Uppsala University, Teknisk-naturvetenskapliga vetenskapsområdet, Faculty of Science and Technology, Department of Evolution, Genomics and Systematics. Uppsala University, Teknisk-naturvetenskapliga vetenskapsområdet, Faculty of Science and Technology, Department of Evolution, Genomics and Systematics, Evolutionary Biology. Evolutionsbiologi.
    Segerström, P.
    Persson, J.
    Landa, A.
    Ellegren, H.
    Uppsala University, Teknisk-naturvetenskapliga vetenskapsområdet, Faculty of Science and Technology, Department of Evolution, Genomics and Systematics. Uppsala University, Teknisk-naturvetenskapliga vetenskapsområdet, Faculty of Science and Technology, Department of Evolution, Genomics and Systematics, Evolutionary Biology. Evolutionsbiologi.
    DNA-based individual and sex identification from wolverine (Gulo gulo) faeces and urine.2004In: Conservation Genetics, no 5, p. 405-410Article in journal (Refereed)
  • 124.
    Hedmark, Eva
    et al.
    Uppsala University, Teknisk-naturvetenskapliga vetenskapsområdet, Faculty of Science and Technology, Department of Evolution, Genomics and Systematics. Uppsala University, Teknisk-naturvetenskapliga vetenskapsområdet, Faculty of Science and Technology, Department of Evolution, Genomics and Systematics, Evolutionary Biology. Evolutionsbiologi.
    Ellegren, Hans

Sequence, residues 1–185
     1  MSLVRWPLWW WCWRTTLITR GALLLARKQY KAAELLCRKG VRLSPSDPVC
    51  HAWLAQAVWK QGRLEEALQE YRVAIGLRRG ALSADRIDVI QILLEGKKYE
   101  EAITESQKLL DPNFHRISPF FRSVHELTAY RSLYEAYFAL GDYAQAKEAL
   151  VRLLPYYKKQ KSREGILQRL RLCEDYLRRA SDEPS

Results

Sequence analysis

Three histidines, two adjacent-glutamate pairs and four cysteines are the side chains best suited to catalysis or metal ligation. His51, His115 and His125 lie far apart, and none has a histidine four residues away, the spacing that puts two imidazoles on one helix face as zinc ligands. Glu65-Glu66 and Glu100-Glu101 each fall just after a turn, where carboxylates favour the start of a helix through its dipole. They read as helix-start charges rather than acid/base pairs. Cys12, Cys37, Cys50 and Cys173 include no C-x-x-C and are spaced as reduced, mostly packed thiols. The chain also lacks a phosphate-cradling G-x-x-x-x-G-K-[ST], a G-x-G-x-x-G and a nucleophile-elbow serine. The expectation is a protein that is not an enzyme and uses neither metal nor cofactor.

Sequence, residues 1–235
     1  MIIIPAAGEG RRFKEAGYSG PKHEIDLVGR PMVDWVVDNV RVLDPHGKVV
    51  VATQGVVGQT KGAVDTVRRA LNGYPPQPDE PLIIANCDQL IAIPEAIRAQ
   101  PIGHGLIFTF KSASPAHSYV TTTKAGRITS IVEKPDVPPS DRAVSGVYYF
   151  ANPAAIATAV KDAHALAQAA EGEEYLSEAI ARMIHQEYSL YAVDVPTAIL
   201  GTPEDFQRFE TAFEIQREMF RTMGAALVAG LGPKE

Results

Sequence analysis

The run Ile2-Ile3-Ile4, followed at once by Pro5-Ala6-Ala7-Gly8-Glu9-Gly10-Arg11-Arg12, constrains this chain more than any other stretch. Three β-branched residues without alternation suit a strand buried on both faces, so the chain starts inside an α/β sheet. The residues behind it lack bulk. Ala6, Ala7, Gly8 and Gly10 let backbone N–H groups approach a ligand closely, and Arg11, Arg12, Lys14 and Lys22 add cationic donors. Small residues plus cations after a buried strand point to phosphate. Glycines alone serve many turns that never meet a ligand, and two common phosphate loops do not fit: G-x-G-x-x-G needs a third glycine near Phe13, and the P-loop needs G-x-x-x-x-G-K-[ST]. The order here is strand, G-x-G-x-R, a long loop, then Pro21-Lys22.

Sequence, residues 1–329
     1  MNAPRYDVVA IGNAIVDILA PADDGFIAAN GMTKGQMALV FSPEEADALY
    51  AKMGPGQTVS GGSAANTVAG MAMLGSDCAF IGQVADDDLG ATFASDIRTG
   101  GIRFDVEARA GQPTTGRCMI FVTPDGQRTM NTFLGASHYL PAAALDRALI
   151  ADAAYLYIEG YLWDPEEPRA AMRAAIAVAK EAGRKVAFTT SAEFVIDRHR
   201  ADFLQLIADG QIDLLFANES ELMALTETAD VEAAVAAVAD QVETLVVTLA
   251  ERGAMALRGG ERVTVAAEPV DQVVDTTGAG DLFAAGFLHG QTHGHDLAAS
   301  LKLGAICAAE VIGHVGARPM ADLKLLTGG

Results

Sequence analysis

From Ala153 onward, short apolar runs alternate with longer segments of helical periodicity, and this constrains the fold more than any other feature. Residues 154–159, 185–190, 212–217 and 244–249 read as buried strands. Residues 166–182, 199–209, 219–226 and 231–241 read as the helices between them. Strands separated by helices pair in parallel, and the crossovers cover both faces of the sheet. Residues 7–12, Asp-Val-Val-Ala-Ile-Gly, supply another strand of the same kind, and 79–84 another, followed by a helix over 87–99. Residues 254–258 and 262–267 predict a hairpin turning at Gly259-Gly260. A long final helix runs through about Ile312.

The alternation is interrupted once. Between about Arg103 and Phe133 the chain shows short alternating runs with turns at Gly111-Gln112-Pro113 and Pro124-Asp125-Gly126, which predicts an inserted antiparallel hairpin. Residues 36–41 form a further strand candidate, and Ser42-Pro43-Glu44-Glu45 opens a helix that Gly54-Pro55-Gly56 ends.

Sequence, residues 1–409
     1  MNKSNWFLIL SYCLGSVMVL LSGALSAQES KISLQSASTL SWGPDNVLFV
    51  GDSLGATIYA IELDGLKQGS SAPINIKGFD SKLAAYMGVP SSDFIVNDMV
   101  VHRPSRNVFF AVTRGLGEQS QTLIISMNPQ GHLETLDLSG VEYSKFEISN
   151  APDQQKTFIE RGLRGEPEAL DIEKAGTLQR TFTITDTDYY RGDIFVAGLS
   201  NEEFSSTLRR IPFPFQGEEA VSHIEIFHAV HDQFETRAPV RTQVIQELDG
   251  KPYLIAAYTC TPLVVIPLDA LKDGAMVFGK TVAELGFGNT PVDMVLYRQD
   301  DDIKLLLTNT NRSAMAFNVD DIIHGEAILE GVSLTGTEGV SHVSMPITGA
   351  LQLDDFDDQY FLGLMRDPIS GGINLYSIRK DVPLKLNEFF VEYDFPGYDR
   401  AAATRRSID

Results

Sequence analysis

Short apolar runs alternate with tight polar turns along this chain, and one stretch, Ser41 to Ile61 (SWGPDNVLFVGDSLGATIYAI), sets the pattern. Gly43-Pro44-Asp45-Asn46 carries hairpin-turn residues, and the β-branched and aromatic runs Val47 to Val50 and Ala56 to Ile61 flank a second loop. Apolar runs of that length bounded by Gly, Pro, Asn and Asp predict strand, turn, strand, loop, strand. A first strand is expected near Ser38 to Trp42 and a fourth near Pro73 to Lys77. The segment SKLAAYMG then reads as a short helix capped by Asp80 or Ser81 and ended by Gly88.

Uppsala University, Teknisk-naturvetenskapliga vetenskapsområdet, Faculty of Science and Technology, Department of Evolution, Genomics and Systematics. Uppsala University, Teknisk-naturvetenskapliga vetenskapsområdet, Faculty of Science and Technology, Department of Evolution, Genomics and Systematics, Evolutionary Biology. Evolutionsbiologi.
    A test of the miltiplex pre-amplification approach in microsatellite genotyping of wolverine faecal DNA2006In: Conservation Genetics, no 7, p. 289-293Article in journal (Refereed)
  • 125.
    Hedmark, Eva
    et al.
    Uppsala University, Teknisk-naturvetenskapliga vetenskapsområdet, Faculty of Science and Technology, Department of Evolution, Genomics and Systematics. Uppsala University, Teknisk-naturvetenskapliga vetenskapsområdet, Faculty of Science and Technology, Department of Evolution, Genomics and Systematics, Evolutionary Biology. Evolutionsbiologi.